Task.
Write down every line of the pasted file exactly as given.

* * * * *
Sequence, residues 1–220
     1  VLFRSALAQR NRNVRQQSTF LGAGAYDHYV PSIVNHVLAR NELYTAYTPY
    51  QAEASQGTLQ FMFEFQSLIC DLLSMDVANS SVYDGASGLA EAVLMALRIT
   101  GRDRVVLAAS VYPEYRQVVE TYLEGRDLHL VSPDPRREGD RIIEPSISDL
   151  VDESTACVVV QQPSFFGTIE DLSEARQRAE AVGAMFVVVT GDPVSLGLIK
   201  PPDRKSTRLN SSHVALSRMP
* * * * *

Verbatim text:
Sequence, residues 1–220
     1  VLFRSALAQR NRNVRQQSTF LGAGAYDHYV PSIVNHVLAR NELYTAYTPY
    51  QAEASQGTLQ FMFEFQSLIC DLLSMDVANS SVYDGASGLA EAVLMALRIT
   101  GRDRVVLAAS VYPEYRQVVE TYLEGRDLHL VSPDPRREGD RIIEPSISDL
   151  VDESTACVVV QQPSFFGTIE DLSEARQRAE AVGAMFVVVT GDPVSLGLIK
   201  PPDRKSTRLN SSHVALSRMP